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Docker container running a flask web server for image classification using Scikit-Learn

Author(s): The team at TD Bank | Dave Voyles, MSFT | @DaveVoyles


Create a docker container and host it in Azure with this tutorial

Why would you want to use this?

Imagine that you have built a machine learning model and want others to be able to use it. You'd have to host it somewhere, and as more users hit the endpoint with the model, you'll need to scale dynamically to assure they have a fast and consistent experience. This project includes a number of simple, yet helpful tools.


Docker is a platform that allows users to easily pack, distribute, and manage applications within containers. It's an open-source project that automates the deployment of applications inside software containers. Gone are the days of an IT professional saying "Well, it worked on my machine." Not it works on all of our machines.


Flask is great for developers working on small projects that need a quick way to make a simple, Python-powered web site. It powers loads of small one-off tools, or simple web interfaces built over existing APIs.


Scikit-Learn is a simple and efficient tools for data mining and data analysis, which is built on NumPy, SciPy, and matplotlib. It does a lot of the dirty work involved with machine learning, and allows you to quickly build models, make predicitons, and manage your data.

Once your docker container is deployed, you simply make an HTTP Post request to <YourWebsite>:5000/classify with the URL of an image in the body, and the model will return a label for what it think best describes is in the image. At the moment it is trained to detect:

  • axes
  • boots
  • carabiners
  • crampons
  • gloves
  • hardshell jackets
  • harnesses
  • helmets
  • insulated jackets
  • pulleys
  • rope
  • tents

Is this re-usable? Can I use my own trained model?


You could easily train it to classify other objects, too. All of the code for this project is contained in the file, and the trained model is contained in the pickle_model.pkl file.

Simply replace the pickle_model.pkl file with a trained model of your own. contains the code which does several things:

  • Resizes the image
  • Normalizes the image
  • Parses the JSON POST request you made to its endpoint
  • Calls the trained model
  • Returns the classification result

The trained model, contained in pickle_model.pkl expects all images to be resized (128x128) and normalized, so if you're creating a new model of your own, you may want to keep this bit of code.

Buld the image & run it locally

In a terminal, navigate to the folder containing the .dockerfile. This will create a new docker image and tag it with the name of your repository, name of the image, and the version It will take a few minutes to download & install all of the required files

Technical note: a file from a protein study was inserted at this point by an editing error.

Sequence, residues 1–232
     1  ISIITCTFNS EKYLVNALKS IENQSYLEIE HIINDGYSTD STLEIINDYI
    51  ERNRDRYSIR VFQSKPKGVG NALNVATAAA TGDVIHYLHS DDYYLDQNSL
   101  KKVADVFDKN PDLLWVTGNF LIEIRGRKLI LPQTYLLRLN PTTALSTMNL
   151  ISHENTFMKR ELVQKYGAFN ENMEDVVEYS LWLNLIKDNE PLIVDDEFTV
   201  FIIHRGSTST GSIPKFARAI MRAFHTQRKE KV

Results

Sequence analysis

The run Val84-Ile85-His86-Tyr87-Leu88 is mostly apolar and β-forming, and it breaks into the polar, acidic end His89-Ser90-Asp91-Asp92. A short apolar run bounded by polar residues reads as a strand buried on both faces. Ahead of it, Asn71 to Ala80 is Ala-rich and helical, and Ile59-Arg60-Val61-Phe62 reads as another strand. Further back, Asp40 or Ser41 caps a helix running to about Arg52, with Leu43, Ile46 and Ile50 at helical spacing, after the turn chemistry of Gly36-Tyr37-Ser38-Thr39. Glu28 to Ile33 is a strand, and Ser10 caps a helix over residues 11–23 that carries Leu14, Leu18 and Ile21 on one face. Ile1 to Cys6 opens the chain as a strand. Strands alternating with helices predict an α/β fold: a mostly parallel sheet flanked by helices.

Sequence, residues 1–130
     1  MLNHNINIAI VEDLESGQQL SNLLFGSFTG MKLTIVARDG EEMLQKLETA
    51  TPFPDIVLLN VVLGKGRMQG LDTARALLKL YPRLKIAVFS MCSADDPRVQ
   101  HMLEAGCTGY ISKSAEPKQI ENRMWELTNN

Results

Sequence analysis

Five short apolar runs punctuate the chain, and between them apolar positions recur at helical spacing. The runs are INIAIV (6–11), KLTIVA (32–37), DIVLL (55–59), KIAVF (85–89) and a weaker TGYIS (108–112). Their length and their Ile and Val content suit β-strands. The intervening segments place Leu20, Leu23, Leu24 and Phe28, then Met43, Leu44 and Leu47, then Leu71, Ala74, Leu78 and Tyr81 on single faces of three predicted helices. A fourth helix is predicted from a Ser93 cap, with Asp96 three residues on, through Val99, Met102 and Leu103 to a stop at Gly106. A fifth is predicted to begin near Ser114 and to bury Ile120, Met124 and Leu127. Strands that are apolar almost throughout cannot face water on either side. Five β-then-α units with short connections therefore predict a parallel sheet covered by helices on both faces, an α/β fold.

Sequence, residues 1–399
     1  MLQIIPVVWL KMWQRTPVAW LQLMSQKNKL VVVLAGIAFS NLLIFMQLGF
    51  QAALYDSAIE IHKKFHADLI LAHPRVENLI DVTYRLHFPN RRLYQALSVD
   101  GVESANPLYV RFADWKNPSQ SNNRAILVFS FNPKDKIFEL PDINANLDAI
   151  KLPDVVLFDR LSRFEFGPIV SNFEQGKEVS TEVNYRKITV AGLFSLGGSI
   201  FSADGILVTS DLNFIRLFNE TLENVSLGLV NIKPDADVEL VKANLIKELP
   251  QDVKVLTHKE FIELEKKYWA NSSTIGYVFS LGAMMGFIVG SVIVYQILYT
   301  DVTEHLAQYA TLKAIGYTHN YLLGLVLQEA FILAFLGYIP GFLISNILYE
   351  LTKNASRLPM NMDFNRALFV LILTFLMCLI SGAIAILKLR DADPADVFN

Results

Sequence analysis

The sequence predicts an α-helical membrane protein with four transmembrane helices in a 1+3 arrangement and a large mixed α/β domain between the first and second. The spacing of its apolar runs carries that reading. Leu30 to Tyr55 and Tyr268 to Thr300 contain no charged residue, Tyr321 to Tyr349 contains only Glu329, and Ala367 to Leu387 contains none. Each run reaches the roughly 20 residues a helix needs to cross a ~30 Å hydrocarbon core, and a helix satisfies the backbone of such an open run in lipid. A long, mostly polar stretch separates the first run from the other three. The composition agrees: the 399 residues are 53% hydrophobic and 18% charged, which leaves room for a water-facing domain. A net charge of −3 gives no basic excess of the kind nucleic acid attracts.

docker build -t davevoyles/docker-flask-image-recognition-sklearn:latest . 

Run the image locally in debug mode and expose ports 5000

docker run -d --name docker-flask-image-recognition-sklearn -p 5000:5000 davevoyles/docker-flask-image-recognition-sklearn

Verify everything works locally, then remove the image

docker ps

docker logs docker-flask-image-recognition-sklearn

docker rm -f docker logs docker-flask-image-recognition-sklearnn

Push to docker hub account name/repository. This may take a few minutes

docker push davevoyles/docker-flask-image-recognition-sklearn

Login to Azure via CLI

az login 

Create resource group (one time)

az group create -l eastus -n dv-containers-rg

Create a container in Azure

Create a container in azure w/ a public IP so that we can make HTTP post requests and expose port 5000. Pull image from dockerhub account/repository/tag

az container create --resource-group dv-containers-rg --name dv-flask-container --image davevoyles/docker-flask-image-recognition-sklearn:latest --ip-address public --location eastus --ports 5000

Check status of container by querying the ip address. You may have to wait a few minutes for it to complete.

az container show --resource-group dv-containers-rg --name dv-flask-container --query ipAddress

It should return with something like this:

  "additionalProperties": {},
  "dnsNameLabel": null,
  "fqdn": null,
  "ip": "",
  "ports": [
      "additionalProperties": {},
      "port": 5000,
      "protocol": "TCP"

View the logs for your container

az container logs --resource-group dv-containers-rg --name dv-flask-container

You can also log into the Azure portal in your browser to see if your container service is running.

Azure Portal 1

Azure Portal 2

Example requests

Swap the IP address listed below with your own. These will return the label of the image you passed in. For example:

{"classification": "insulated_jackets"}
curl -X POST \ \
  -H 'Cache-Control: no-cache' \
  -H 'Content-Type: application/json' \
  -d '{
curl -X POST \ \
  -H 'Cache-Control: no-cache' \
  -H 'Content-Type: application/json' \
  -d '{
curl -X POST \ \
  -H 'Cache-Control: no-cache' \
  -H 'Content-Type: application/json' \
  -d '{
curl -X POST \ \
  -H 'Cache-Control: no-cache' \
  -H 'Content-Type: application/json' \
  -d '{
curl -X POST \ \
  -H 'Cache-Control: no-cache' \
  -H 'Content-Type: application/json' \
  -d '{

Delete the container

az container delete --name dv-flask-container --resource-group dv-containers-rgt


Dockerfile utilizing flask to host a scikit-learn image recognition model







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